Impaired epithelial Na + channel activity contributes to cystogenesis and development of autosomal recessive polycystic kidney disease in PCK rats

Tengis S. Pavlov, Vladislav Levchenko, Daria V. Ilatovskaya, Oleg Palygin, Alexander Staruschenko

Research output: Contribution to journalArticlepeer-review

16 Scopus citations

Abstract

Background:Autosomal recessive polycystic kidney disease is a genetic disorder characterized by the development of renal cysts of tubular epithelial cell origin. Epithelial Na + channel (ENaC) is responsible for sodium reabsorption in the aldosterone-sensitive distal nephron. Here, we investigated the ENaC expression and activity in cystic tissue taken from rats with autosomal recessive polycystic kidney disease.Methods:Polycystic kidney (PCK) rats were treated with the selective ENaC inhibitor benzamil given in the drinking water, and after 4 or 12 wk, the severity of morphological malformations in the kidneys was assessed. ENaC and aquaporin-2 expression and ENaC activity were tested with immunohistochemistry and patch-clamp electrophysiology, respectively.Results:Treatment with benzamil exacerbated development of cysts compared with the vehicle-treated animals. In contrast, the 12 wk of treatment with the loop diuretic furosemide had no effect on cystogenesis. Single-channel patch-clamp analysis revealed that ENaC activity in the freshly isolated cystic epithelium was significantly lower than that in the noncystic collecting ducts isolated from PCK or normal Sprague-Dawley rats. Immunohistochemical analysis confirmed that β-ENaC and aquaporin-2 expressions in cysts are decreased compared with nondilated tubules from PCK rat kidneys.Conclusion:We demonstrated that cystic epithelium exhibits low ENaC activity and this phenomenon can contribute to cyst progression.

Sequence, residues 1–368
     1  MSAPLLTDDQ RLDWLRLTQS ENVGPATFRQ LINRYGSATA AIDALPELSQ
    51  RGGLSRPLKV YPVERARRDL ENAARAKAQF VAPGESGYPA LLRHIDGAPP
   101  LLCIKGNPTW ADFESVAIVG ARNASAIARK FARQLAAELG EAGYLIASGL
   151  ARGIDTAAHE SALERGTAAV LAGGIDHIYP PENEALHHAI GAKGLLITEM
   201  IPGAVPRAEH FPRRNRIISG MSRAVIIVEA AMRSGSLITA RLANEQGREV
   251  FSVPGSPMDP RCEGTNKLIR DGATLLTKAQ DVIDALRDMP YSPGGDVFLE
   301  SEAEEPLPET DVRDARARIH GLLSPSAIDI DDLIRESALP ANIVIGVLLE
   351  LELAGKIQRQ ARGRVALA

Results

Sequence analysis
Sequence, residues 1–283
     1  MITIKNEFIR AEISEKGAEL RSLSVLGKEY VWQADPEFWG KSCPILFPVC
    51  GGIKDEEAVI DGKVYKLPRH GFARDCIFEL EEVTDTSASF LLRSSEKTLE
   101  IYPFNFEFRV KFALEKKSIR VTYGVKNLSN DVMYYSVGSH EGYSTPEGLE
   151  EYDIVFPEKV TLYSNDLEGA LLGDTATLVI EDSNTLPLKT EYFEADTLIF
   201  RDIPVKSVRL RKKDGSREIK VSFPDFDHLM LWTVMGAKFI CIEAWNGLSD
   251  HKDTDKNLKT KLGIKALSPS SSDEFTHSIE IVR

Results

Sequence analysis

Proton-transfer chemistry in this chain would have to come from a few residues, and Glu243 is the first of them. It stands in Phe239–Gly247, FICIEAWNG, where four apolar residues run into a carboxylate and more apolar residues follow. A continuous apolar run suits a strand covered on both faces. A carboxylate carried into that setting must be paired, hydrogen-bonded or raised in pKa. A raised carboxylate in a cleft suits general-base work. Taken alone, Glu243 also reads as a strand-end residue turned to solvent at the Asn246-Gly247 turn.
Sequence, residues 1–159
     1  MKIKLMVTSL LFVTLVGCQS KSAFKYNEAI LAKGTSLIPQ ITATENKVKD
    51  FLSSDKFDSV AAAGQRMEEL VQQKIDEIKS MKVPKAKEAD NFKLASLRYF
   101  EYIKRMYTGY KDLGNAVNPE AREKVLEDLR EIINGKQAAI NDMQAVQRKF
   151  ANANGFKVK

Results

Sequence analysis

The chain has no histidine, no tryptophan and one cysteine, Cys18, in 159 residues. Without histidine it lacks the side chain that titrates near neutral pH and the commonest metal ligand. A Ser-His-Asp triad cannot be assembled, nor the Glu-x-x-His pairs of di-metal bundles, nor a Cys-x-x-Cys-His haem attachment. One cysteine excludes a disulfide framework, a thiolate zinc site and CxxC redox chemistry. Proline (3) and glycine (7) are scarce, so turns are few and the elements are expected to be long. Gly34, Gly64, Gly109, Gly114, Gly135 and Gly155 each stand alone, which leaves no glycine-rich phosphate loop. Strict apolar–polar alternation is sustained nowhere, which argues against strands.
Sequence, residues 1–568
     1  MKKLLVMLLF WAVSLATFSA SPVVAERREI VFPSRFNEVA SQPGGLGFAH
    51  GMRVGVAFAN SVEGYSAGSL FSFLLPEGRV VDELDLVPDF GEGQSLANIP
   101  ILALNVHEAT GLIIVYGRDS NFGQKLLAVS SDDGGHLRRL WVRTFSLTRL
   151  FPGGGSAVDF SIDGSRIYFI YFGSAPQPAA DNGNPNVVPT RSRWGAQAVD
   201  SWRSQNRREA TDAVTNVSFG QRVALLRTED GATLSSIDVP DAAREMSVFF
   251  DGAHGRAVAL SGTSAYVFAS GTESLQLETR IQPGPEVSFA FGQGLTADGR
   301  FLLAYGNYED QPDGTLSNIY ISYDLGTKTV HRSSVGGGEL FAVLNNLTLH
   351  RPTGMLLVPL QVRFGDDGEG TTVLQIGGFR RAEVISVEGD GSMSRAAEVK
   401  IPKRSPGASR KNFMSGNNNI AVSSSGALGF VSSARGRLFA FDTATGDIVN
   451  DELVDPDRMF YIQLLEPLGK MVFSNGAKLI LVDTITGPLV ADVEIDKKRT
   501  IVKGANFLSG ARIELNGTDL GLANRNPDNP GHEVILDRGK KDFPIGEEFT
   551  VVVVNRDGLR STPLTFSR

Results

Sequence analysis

Original languageEnglish (US)
Pages (from-to)64-69
Number of pages6
JournalPediatric research
Volume77
Issue number1
DOIs
StatePublished - 2015
Externally publishedYes

ASJC Scopus subject areas

  • Pediatrics, Perinatology, and Child Health

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